Support for outstanding early career scientists in 2016 Dorothy Hodgkin Fellowships
Supplementary content information
The Engineering and Physical Sciences Research Council (EPSRC) will support two outstanding early career scientists who have been appointed as Dorothy Hodgkin Fellows for 2016.
Dr Alice Bowen and Dr Anna Slater are among 13 new scientists appointed to the prestigious fellowships by The Royal Society. The researchers appointed in the expanded 2016 Dorothy Hodgkin Fellowship programme will start their new posts at UK institutes from 01 December 2016.The Fellowships, inspired by the Nobel Prize-winning biochemist Dorothy Hodgkin, provides support for outstanding early career scientists and engineers who require flexible support. They are designed to allow Fellows to progress into permanent academic positions.
Dr Bowen is funded through EPSRC's Physical Sciences theme and will look to improve methods of the spectroscopic technique of Electronic Spin Resonance to allow for improved observation and greater understanding of large biomolecules at the University of Oxford.
Dr Slater is co-funded through EPSRC's Physical Sciences, Manufacturing the Future and Engineering themes, and aims to discover new functional materials through the utilisation of continuous flow chemistry at the University of Liverpool.
Professor Tom Rodden, EPSRC's Deputy Chief Executive, said:
Our continuing partnership with the Royal Society is now in its third year, and during that time we have supported seven exceptional individuals through the scheme. The Royal Society - EPSRC Dorothy Hodgkin Fellowships are evidence of our commitment to supporting scientists and engineers in the early stages of their careers while also promoting equality of opportunity in the field.
The programme offers researchers the opportunity to balance work with other commitments, such as parental or caring responsibilities; claim back time spent deferring the Fellowship or working part-time at the end of the Fellowship; and claim limited funds for family support where these can be justified on scientific grounds. The 2017 programme is currently open for applications and will close on 24 November 2016.
The full list of 2016 appointees is as follows:
To be funded by EPSRC as Royal Society - EPSRC Dorothy Hodgkin Fellows
- Dr Alice Bowen, University of Oxford
- Electron Spin Resonance with Arbitrary Waveforms: Methods and Measurements
- Dr Anna Slater, University of Liverpool
High Throughput Materials Development in Continuous Flow
Royal Society Dorothy Hodgkin Fellows
- Dr Kirsti Ashworth, Lancaster University
- Air quality impacts of land-atmosphere interactions (AQuILA)
- Dr Amy Bonsor, University of Cambridge
Planetary Systems Around Evolved Stars
- Dr Emily Findlay, University of Edinburgh
Cathelicidin is Critical for Pathogenic T cell Development in Multiple Sclerosis
- Dr Laura Lehtovirta-Morley, University of Aberdeen
Redefining the terrestrial nitrogen cycle from cells to soil
- Dr Rachel Lowe, London School of Hygiene and Tropical Medicine
Modelling the impact of global environmental change on vector-borne disease risk
- Dr Celia Martin Puertas, Royal Holloway, University of London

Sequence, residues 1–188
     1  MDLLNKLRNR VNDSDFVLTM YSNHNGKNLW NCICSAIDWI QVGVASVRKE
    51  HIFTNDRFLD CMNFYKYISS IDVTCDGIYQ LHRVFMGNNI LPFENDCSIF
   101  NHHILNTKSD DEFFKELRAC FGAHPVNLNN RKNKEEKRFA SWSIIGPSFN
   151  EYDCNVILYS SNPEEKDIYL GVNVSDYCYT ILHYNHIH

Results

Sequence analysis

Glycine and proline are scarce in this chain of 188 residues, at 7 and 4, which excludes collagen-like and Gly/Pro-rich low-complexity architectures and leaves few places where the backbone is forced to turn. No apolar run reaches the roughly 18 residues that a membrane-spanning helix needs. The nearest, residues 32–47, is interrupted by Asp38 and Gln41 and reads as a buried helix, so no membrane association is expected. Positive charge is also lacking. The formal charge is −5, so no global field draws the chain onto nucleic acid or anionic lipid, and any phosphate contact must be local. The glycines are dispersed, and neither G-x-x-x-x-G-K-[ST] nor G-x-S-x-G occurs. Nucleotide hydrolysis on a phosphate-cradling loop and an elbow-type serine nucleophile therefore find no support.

- Evaluating the effects of a future Grand Solar Minimum on European Climate
- Dr Richard Parker, Liverpool John Moores University
Star formation: linking galaxy evolution with planetary systems
- Dr Tiffany Taylor, University of Bath
- The Role of Genetic and Environmental Drivers in Novel Gene Regulator Recruitment
- Dr Maria Ubiali, University of Cambridge
- Precise theoretical predictions for the full exploitation of LHC Run II
- Dr Anne-Laura van Harmelen, University of Cambridge
The neurobiology of resilience after child maltreatment
- Dr Sarah White, University College London
Exploring heterogeneity in implicit mentalizing and its consequences in autism
For further information on any of the projects listed above or to arrange interviews with the scientists appointed please contact the Royal Society press office.
Notes for editors
The Engineering and Physical Sciences Research Council (EPSRC)
As the main funding agency for engineering and physical sciences research, our vision is for the UK to be the best place in the world to Research, Discover and Innovate.
By investing £800 million a year in research and postgraduate training, we are building the knowledge and skills base needed to address the scientific and technological challenges facing the nation. Our portfolio covers a vast range of fields from healthcare technologies to structural engineering, manufacturing to mathematics, advanced materials to chemistry. The research we fund has impact across all sectors. It provides a platform for future economic development in the UK and improvements for everyone's health, lifestyle and culture.
We work collectively with our partners and other Research Councils on issues of common concern via UK Research and Innovation.
The Royal Society
The Society's fundamental purpose, reflected in its founding Charters of the 1660s, is to recognise, promote, and support excellence in science and to encourage the development and use of science for the benefit of humanity.
The Society has played a part in some of the most fundamental, significant, and life-changing discoveries in scientific history and Royal Society scientists continue to make outstanding contributions to science in many research areas. The Society's strategic priorities emphasise its commitment to the highest quality science, to curiosity-driven research, and to the development and use of science for the benefit of society. These priorities are:
- Promoting science and its benefits
- Recognising excellence in science
- Supporting outstanding science
- Providing scientific advice for policy
- Fostering international and global cooperation
- Education and public engagement
Reference: PN 57-16